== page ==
When screening becomes personal: Why Biostatistics should matter to every physician
I introduced in an earlier post the idea that statistics can be both deceiving and revealing about the complex world around us, especially as they relate to screening and medical care. Notably, I believe that we might approach these discussions differently if the numbers represented individual people and their stories. Then we could more personally see the harms of misdiagnosis, overdiagnosis, and overtreatment.
Misdiagnosis is the concept described in my prior post. If a test isn’t sensitive enough, and the prevalence of a certain condition is low enough, then a test may return a positive result when the patient does not in fact have a certain condition. This is a “false positive” result and is an example of misdiagnosis. More subtle is when a test comes back abnormal, and the abnormality is indeed present in an individual, but was not causing symptoms and was never actually going to cause symptoms or death. This is not a false positive or a misdiagnosis, since the problem does not lie with the accuracy of the diagnostic test itself. Rather, it is an example of “overdiagnosis” – a diagnosis given to a condition which would never impact a patient. As we screen asymptomatic patients for earlier and earlier indicators of disease, we run the risk of identifying potentially innocent abnormalities and subjecting patients not just to overdiagnosis but also to the harms of further testing and overtreatment.
Halfway through medical school, home visiting my parents over the holidays, I found a card in the kitchen advertising “life-saving” local health screenings that cost a modest fee and were to take place at a local church. I found out that my mother had already made an appointment so I took a closer look at the offerings. The first was ultrasonography of the neck for the detection of asymptomatic narrowing of the arteries that supply blood to the brain (carotid stenosis). The test itself carries no health risks, and management of carotid stenosis through measures such as blood pressure control, antiplatelet therapy, and surgery have the potential to avoid life-threatening conditions such as strokes. To my mother, this tradeoff clearly favored screening. After all, to her, more medical care seemed to be better medical care.
It may seem surprising, then, that the United States Preventive Services Task Force (USPSTF), an independent panel of experts in prevention and evidence-based medicine, has published guidelines recommending against screening for asymptomatic carotid artery stenosis in the general adult population. They assigned a grade of “D,” noting, “There is moderate or high certainty that the service has no net benefit or that the harms outweigh the benefits.” They reason that screening would result in “many false-positive results,” which would “lead either to surgeries that are not indicated or to confirmatory angiography. As a result of these procedures, some people would have serious harms (death, stroke, and myocardial infarction) that outweigh the potential benefit that surgical treatment may have in preventing stroke.”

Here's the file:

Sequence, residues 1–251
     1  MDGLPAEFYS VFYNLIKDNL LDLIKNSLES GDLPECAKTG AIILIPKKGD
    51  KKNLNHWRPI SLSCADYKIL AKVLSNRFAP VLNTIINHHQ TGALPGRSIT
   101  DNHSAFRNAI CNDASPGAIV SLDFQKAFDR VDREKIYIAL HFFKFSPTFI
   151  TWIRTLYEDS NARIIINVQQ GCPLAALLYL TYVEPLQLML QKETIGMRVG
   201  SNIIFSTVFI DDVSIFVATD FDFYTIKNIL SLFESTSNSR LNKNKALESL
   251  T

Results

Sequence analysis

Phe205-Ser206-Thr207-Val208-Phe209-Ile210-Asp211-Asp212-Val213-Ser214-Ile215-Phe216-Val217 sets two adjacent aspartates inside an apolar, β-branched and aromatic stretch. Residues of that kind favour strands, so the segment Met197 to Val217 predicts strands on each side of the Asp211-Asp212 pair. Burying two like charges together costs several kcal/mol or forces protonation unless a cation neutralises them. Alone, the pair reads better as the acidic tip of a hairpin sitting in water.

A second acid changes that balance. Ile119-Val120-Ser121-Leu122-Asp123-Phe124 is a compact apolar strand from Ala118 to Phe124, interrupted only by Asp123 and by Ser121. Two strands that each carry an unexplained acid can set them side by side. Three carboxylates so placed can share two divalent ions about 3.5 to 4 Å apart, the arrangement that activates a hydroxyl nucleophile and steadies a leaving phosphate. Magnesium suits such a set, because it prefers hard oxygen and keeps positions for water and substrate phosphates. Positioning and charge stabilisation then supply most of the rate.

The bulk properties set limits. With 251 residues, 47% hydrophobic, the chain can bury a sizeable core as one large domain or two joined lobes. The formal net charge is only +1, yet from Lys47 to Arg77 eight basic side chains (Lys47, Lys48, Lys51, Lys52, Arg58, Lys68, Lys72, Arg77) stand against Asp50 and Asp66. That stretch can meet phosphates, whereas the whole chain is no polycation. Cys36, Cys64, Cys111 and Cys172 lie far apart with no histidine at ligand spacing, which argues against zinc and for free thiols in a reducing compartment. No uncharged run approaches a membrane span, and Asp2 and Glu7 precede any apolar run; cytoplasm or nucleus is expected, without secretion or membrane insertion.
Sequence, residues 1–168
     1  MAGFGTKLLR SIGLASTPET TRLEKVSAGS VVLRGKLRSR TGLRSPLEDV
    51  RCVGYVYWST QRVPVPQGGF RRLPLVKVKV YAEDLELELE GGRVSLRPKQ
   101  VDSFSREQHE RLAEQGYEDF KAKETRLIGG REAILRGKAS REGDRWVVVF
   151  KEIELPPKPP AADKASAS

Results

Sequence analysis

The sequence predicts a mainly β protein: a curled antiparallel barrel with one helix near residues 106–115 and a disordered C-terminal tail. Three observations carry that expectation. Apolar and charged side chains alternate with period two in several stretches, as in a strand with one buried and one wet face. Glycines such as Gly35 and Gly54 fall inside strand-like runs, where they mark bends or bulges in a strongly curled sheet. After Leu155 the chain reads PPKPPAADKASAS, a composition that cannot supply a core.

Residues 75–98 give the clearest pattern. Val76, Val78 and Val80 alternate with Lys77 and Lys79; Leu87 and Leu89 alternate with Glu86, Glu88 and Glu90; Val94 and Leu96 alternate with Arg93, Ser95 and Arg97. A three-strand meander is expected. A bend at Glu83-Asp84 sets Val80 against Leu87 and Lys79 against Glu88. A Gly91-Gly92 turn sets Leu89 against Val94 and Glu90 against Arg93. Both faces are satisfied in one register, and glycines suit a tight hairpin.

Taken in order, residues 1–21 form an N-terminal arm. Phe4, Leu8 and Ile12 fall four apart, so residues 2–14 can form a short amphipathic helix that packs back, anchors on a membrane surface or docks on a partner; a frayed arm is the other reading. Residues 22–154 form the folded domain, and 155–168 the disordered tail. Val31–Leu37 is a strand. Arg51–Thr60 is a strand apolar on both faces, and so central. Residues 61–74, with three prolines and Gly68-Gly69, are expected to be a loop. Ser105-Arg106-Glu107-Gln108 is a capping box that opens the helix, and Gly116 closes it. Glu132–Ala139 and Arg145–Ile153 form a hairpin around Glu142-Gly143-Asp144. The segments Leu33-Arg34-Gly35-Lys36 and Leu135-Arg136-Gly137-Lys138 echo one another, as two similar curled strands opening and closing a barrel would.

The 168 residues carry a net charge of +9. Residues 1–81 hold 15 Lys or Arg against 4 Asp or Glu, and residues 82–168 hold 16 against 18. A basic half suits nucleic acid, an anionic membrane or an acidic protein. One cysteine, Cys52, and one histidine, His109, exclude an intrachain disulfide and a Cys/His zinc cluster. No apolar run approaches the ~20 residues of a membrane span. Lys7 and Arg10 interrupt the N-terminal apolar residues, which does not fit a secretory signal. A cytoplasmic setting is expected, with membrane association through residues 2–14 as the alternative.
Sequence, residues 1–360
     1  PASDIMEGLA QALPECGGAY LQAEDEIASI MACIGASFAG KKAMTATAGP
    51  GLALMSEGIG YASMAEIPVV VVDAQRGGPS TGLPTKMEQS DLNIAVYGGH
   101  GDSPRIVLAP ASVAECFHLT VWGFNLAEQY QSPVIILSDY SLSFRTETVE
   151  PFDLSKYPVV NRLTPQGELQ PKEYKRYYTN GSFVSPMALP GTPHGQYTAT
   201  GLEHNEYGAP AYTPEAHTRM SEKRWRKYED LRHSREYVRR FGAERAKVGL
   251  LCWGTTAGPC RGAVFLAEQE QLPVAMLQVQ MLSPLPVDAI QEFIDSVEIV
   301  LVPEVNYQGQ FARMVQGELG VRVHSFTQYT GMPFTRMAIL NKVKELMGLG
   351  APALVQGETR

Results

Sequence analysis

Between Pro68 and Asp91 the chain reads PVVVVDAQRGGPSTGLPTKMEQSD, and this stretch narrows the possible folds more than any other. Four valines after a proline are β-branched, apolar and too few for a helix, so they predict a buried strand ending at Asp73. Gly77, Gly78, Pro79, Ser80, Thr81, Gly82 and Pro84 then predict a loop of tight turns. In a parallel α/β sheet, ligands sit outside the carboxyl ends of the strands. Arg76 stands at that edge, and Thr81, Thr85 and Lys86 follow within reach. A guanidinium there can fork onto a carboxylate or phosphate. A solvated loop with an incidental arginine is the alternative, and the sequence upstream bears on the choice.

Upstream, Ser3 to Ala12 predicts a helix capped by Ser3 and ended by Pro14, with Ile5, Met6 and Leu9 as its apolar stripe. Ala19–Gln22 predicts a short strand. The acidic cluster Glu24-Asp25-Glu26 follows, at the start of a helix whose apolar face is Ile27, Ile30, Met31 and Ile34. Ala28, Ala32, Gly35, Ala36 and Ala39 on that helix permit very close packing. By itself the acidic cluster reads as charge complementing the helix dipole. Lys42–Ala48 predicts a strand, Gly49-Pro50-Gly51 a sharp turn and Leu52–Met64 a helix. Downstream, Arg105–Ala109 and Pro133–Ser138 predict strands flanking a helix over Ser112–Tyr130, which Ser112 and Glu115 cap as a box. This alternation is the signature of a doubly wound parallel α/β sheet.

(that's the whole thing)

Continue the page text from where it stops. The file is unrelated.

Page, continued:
The key here is that though the ultrasonography itself may be harmless, physicians must consider how they will use the information from such a test in future diagnostic or treatment decisions. It is one decision to intervene surgically upon symptomatic patients who are having strokes as a result of their carotid artery stenosis, but screening broadly in the population would likely cause more harm than benefit as a significant number of people would have false positive results. Even some of the “true positives” (meaning that some degree of stenosis is in fact present) might be instances of overdiagnosis – diagnosis of a “disease” that will never cause symptoms or death in a patient’s lifetime. In such cases, by definition there is no potential for any benefit from treatment since the condition itself was never going to cause symptoms or death for the patient.
My mother had very few of the risk factors associated with carotid artery stenosis (these include older age, male sex, hypertension, smoking, hypercholesterolemia, and heart disease), so her probability of having carotid artery stenosis was low and any positive result on ultrasonography had a reasonable chance of being a false positive. If we would be inclined to not trust a hypothetical abnormal test result, why should we feel compelled to test each patient and then work-up and treat those abnormal findings which inevitably appear? As the USPSTF described, such interventions carry risks for each patient that may outweigh the benefits to the few patients who would have had clinically-significant disease resulting from true untreated carotid artery stenosis.